In honor of the 150th anniversary of the treaty signing, the Library of Congress created an online presentation on the Guadalupe Hidalgo Treaty. It includes page images of the original treaty housed in the Library of Congress Manuscript Division and the area map used during the negotiations from the Geography and Map Division.

Prints and Photographs Division

Pictorial Americana: Selected Images from the Collections of the Library of Congress

Pictorial Americana, a 1955 Library of Congress publication, contains a chapter listing selected images related to the Mexican War.

Search the Prints and Photographs Online Catalog (PPOC) for additional images concerning the Mexican War.

Today in History

November 5, 1844

On November 5, 1844, Democratic candidate James K. Polk defeated Whig party candidate Henry Clay to become the eleventh president of the United States.

June 23, 1845

On June 23, 1845, a special session of the legislature of Texas voted in favor of annexation by the United States.

May 8, 1846

General Zachary Taylor defeated a detachment of the Mexican army in a two-day battle at Palo Alto and Resaca de la Palma on May 8, 1846.

February 23, 1847

The Battle of Buena Vista was won by the United States on February 23, 1847. General Zachary Taylor, future president of the United States, was the commander of American troops in this victory over Mexican General Antonio Lopez de Santa Anna.

February 2, 1848

The Treaty of Guadalupe Hidalgo was signed in Mexico City on February 2, 1848.

Link disclaimerExternal Web Sites

A Continent Divided: The U.S.-Mexico War

This Web site is a joint project of the Center for Greater Southwestern Studies and the Library at the University of Texas at Arlington. It contains essays, biographies, and a timeline that provide background information about the war, as well as primary sources from the war such as proclamations, letters, diaries, images, maps, music, and poetry.

Descendants of Mexican War Veterans

This site contains an essay on the Mexican War, as well as a chronology of events and a bibliography. It also includes images, government documents, maps, statistics, and a list of historical sites associated with the war.

The Mexican-American War

This Northern Illinois University Web site contains a historical overview of the Mexican-American War (1846-1848), as well as documents, images, sound recordings, and lesson plans related to the conflict.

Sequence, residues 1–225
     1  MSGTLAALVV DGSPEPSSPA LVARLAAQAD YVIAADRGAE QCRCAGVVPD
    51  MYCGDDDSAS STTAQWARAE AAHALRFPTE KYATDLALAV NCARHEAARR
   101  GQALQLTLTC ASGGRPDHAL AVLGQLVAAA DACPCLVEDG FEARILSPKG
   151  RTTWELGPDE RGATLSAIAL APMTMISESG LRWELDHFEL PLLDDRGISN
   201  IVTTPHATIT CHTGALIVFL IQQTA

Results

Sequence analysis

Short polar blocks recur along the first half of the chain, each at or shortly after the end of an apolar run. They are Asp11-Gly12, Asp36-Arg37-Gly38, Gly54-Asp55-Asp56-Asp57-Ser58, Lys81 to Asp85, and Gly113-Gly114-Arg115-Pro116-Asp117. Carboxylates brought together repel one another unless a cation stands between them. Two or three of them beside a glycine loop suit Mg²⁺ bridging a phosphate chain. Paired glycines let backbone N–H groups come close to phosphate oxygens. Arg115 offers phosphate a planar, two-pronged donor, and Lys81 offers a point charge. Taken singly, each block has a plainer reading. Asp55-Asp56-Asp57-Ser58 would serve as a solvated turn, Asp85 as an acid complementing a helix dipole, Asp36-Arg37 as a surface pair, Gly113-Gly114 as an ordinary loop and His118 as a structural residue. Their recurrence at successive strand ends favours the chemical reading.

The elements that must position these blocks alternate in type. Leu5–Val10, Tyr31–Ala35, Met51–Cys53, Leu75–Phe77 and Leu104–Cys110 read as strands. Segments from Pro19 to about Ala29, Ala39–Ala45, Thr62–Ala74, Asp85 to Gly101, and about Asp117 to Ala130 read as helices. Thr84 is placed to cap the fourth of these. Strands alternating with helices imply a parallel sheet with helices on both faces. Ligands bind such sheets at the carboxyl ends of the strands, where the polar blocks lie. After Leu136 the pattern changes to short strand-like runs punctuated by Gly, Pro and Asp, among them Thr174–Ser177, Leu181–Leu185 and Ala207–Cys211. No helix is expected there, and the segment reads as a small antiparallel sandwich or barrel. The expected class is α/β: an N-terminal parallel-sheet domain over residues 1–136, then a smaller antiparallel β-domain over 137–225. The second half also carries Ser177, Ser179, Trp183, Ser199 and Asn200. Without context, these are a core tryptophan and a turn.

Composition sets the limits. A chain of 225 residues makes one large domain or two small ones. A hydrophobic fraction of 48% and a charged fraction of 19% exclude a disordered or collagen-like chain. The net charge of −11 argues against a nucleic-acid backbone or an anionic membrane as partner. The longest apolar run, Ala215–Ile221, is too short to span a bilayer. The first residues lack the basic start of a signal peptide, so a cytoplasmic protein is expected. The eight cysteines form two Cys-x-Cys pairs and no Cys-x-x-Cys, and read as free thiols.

Online Bookshelves: Mexican War

The U.S. Army Center of Military History provides the full text of online books related to Mexican War and a bibliography of selected readings.

Palo Alto Battlefield

The National Park Service provides background information on the battle at Palo Alto and the Mexican War in general. This site also provides links to external sites associated with the war.

The U.S. Mexican War (1846-1848)

This site on the Mexican War is a companion to a PBS documentary on the war. It includes an overview on the war and its aftermath, biographical essays, an interactive timeline, video clips, and lesson plans. It also contains primary-source materials such as maps, illustrations, and posters.

Selected Bibliography

Bauer, K. Jack. The Mexican War, 1846-1848. New York: Macmillan, 1974.
LC call number: E404 .B37 [Catalog Record]

Eisenhower, John S. D. So Far from God: The U.S. War with Mexico, 1846-1848. New York: Random House, 1989.
LC call number: E405 .E37 1989 [Catalog Record]

Frazier, Donald S., ed. The United States and Mexico at War: Nineteenth-Century Expansionism and Conflict. New York: Macmillan Reference USA, 1998.
LC call number: E404 .U66 1998 [Catalog Record]

Heidler, David S. and Jeanne T. Heidler. The Mexican War. Westport, Conn.: Greenwood Press, 2006.
LC call number: E404 .H44 2006 [Catalog Record]

Johannsen, Robert Walter. To the Halls of the Montezumas: The Mexican War in the American Imagination. New York: Oxford University Press, 1985.
LC call number: E404 .J64 1985 [Catalog Record]

Mahin, Dean B. Olive Branch and Sword: The United States and Mexico, 1845-1848. Jefferson, N.C.: McFarland & Co., 1997.
LC call number: E408 .M34 1997 [Catalog Record]

Winders, Richard Bruce. Mr. Polk’s Army: The American Military Experience in the Mexican War. College Station: Texas A&M University Press, 1997.
LC call number: E409.2 .W56 1997 [Catalog Record]

Younger Readers

Bardhan-Quallen, Sudipta. The Mexican-American War. Detroit: Blackbirch Press, 2005.
LC call number: E404 .B35 2005 [Catalog Record]

Carey, Charles W., Jr. The Mexican War: "Mr. Polk's War". Berkeley Heights, N.J.: Enslow Publishers, 2002.
LC call number: E404 .C26 2002 [Catalog Record]

Mills, Bronwyn. U.S.-Mexican War. New York: Facts On File, 2003.
LC call number: E404 .M55 2003 [Catalog Record]

Nardo, Don. The Mexican-American War. San Diego, Calif.: Lucent Books, 1999.
LC call number: E404 .N37 1999 [Catalog Record]

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  September 15, 2014